I get quite a few reviews that say I need an editor, but it’s due to me using present tense. I think what throws them is when a character talks about something that happened in the past, so they mistake it for a tense mistake. It puts me in a rough position, but I’m holding the course.

      Sad situation with that author. I never heard of someone doing that.

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      • Neither had I heard of that till I heard of that instance. You very much articulate the problem even with beta readers with your experience. You get far more positive reviews than otherwise so I say do hold course! 🙂 I know my novel,isn’t best seller material and will only appeal to a particular audience so I’m cool with that, but as I said, having had professional reviews certainly helps my confidence when someone doesn’t personally like my work. 🙂

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      • It’s all about the confidence. 🙂 Also, from what you said, there are many predators in the self-publishing sea.

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      • Very much so. It’s disturbing to see. That’s why I say if you can afford it go to the accredited professionals, not the internet anonymous ‘experts’. The thing about professional accredited manuscript assessment agencies is that their reputation in the industry depends on honesty. You pay them up front for an honest review of your work and if they like it you can use that review for a publisher, but they don’t offer to fix your book for a fee, so it’s more professional. They don’t criticise to get extra money from you, and they also don’t just praise everything because iF they just liked everything they read then tHeir reputation in the industry would disappear fast. So you pay upfront for honesty and integrity. A far better proposition I would think. 🙂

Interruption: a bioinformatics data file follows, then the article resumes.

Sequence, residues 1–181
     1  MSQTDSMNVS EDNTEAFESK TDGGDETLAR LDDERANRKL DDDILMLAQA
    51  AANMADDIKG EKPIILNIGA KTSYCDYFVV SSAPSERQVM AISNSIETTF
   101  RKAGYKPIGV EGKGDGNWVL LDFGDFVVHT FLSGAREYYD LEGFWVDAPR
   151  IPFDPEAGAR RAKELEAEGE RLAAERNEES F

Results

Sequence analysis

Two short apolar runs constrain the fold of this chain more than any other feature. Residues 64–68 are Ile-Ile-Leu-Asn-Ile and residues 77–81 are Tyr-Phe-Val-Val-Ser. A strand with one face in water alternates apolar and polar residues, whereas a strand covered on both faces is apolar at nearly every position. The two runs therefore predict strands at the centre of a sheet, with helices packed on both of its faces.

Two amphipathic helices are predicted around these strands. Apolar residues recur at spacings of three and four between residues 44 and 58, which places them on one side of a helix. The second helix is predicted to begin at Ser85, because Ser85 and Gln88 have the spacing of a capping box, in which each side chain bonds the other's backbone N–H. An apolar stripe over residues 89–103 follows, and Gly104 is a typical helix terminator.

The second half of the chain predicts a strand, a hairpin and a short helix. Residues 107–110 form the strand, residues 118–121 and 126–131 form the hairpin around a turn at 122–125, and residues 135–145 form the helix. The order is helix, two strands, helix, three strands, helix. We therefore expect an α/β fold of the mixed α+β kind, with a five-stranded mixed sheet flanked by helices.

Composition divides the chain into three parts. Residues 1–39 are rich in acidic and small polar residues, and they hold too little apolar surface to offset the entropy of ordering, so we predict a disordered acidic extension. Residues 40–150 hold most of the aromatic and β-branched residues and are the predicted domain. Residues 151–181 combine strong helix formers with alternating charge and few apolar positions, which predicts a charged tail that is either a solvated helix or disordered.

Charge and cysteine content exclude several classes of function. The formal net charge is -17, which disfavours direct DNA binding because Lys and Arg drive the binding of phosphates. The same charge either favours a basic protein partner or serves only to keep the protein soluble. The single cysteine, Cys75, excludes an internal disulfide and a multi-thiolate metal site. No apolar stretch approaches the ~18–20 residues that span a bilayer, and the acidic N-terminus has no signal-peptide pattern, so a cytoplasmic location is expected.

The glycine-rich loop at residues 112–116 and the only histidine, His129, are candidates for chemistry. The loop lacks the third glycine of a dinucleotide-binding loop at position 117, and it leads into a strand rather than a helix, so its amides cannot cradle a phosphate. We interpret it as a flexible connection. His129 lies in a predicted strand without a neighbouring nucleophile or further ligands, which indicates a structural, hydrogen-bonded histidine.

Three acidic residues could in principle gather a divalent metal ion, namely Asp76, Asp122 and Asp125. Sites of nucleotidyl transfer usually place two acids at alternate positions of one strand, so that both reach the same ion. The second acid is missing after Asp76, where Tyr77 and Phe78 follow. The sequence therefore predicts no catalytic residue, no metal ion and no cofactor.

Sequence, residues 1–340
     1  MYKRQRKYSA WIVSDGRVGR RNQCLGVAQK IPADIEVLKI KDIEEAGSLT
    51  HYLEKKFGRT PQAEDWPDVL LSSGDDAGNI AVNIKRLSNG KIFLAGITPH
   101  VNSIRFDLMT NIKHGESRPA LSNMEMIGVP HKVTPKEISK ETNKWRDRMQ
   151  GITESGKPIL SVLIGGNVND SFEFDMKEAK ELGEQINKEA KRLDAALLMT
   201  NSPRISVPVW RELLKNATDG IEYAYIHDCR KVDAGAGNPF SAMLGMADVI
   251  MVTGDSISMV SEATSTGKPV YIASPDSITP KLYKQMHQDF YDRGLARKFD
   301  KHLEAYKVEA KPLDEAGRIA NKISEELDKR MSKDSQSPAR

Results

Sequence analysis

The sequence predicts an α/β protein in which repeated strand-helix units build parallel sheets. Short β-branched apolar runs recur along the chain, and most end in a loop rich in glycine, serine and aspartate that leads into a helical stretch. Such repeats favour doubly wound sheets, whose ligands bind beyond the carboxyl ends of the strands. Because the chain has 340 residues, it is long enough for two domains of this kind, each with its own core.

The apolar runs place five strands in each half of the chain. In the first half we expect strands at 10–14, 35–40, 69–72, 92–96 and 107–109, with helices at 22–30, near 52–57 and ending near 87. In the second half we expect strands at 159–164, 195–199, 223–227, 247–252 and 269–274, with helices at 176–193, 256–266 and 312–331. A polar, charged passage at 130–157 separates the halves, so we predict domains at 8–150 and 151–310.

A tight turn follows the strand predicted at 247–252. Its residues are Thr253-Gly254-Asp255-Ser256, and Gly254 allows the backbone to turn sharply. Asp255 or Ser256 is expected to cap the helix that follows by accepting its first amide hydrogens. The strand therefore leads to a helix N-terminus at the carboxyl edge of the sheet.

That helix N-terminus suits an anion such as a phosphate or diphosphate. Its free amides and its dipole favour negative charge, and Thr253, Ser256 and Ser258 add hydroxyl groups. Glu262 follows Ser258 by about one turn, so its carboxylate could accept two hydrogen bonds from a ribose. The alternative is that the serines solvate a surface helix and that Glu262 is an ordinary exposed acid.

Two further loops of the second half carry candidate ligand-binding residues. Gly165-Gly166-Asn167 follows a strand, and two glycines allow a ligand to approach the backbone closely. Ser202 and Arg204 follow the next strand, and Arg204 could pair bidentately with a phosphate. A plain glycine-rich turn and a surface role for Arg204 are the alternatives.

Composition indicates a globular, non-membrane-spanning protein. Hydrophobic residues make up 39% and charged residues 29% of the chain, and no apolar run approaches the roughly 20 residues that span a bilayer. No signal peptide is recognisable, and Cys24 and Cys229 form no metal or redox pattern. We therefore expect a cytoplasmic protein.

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      • Years ago, I went through a vanity press and bought a package that included a Kirkus Review. It was honest and rather brutal. It can be a worthwhile double-edged sword.

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      • Yes, Kirkus is reputable I believe. But a manuscript assessment service gives you feedback before you publish and won’t be published as a review in itself, so it’s a private way to get expert feedback. I’ve had four books manuscript assessed. Three gave me stuff to work with which I’ve done and the fourth made the brutal but correct point that the book was too flawed. I welcomed all the feedback because you know what to invest in and what to let go. 🙂

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      • I still don’t have enough money for something like that. I think. Though, I’ve noticed that the more I write, edit, and get feedback, the tighter my overall style becomes.